Birmingham criminal meeting pilot 'a success'
A project where crime victims come face-to-face with the perpetrators in Birmingham has proved so successful it may be expanded, police chiefs say.
West Midlands Police said more than 100 offenders and victims have taken part since they started the project in May.
They said that in some cases victims chose to meet the criminals to get direct apologies and compensation instead of going through the courts.
The pilot has been targeted at those guilty of so-called low-level crime.
Offences include anti-social behaviour, shoplifting, minor assaults and vandalism.
Those behind the project said making criminals meet their victims made them understand the impact of their actions and encouraged them to take responsibility.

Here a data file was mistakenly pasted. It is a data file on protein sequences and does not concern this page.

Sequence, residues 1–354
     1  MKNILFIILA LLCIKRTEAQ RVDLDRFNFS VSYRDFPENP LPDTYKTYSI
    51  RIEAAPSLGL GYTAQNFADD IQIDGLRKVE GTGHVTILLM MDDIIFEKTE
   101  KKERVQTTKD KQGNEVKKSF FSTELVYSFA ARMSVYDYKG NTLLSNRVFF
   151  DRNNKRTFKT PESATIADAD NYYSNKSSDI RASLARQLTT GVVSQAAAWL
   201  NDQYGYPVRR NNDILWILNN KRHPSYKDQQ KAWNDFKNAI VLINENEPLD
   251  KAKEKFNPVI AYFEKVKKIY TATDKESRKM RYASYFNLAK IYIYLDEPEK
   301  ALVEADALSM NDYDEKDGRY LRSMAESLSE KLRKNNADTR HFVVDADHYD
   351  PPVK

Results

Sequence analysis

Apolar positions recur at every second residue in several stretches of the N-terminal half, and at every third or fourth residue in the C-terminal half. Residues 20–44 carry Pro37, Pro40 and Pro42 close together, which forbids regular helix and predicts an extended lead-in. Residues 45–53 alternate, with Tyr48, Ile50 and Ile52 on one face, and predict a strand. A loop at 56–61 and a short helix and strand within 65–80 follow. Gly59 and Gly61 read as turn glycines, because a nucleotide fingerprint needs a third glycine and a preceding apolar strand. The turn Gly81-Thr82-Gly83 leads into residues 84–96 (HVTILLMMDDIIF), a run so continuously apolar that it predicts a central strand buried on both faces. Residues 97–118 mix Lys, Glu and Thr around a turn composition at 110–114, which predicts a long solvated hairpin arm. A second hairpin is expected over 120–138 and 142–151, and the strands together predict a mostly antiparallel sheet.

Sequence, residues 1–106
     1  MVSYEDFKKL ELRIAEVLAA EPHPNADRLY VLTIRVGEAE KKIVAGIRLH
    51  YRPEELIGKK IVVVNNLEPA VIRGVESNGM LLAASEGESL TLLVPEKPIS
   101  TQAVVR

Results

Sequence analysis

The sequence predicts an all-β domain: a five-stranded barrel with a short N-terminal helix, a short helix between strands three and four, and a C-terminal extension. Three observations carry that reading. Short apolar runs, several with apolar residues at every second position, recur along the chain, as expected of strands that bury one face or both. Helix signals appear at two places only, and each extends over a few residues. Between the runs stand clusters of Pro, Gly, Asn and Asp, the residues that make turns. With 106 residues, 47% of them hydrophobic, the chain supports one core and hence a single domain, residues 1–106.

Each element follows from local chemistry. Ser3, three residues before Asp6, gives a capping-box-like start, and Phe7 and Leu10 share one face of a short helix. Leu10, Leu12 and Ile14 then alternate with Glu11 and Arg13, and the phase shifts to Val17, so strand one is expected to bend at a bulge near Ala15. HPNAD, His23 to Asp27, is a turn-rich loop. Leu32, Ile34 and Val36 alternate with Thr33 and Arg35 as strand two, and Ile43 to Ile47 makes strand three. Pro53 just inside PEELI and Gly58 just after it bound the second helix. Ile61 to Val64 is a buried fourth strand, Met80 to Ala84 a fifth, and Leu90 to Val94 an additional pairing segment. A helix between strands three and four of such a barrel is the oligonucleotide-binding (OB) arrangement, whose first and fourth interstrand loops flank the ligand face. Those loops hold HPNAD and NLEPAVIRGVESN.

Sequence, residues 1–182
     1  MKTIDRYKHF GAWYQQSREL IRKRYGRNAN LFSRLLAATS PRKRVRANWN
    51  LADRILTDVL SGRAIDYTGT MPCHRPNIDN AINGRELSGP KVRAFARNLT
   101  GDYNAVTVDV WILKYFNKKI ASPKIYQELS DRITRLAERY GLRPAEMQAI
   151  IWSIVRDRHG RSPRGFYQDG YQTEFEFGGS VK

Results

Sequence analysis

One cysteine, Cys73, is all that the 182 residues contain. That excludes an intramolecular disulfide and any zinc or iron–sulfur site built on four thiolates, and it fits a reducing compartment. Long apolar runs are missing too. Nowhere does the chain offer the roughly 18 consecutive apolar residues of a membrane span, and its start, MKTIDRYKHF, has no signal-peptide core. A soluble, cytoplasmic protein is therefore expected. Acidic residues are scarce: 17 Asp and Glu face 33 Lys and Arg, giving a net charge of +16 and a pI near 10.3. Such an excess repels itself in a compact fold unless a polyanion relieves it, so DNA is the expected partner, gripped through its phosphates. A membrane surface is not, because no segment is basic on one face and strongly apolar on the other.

Police said victims also got the opportunity to ask the criminals questions and often get apologies and compensation.
'Revelation to me'
Desta Hall, a youth worker at the Lighthouse Centre in Birmingham's Newtown, was one of the first people to take part in the project after meeting a teenager who broke a window at the centre.
She said: "It was like a revelation to me - all these thoughts and feelings that were going through his head that I never thought he was thinking - it gave me the space to say to him how disappointed I was."
Those behind the project said it was not always an alternative to going to court - and said these kinds of meetings often only took place after offenders had been convicted and sentenced by magistrates.
Similar projects involving so-called restorative justice have been run previously elsewhere in the UK.
Sgt Allan Green, of West Midlands Police, said he had been "absolutely overwhelmed" by the positive responses he had received so far from victims, criminals and officers.
Officers said research carried out elsewhere had shown these sorts of projects had cut reoffending rates by more than a quarter.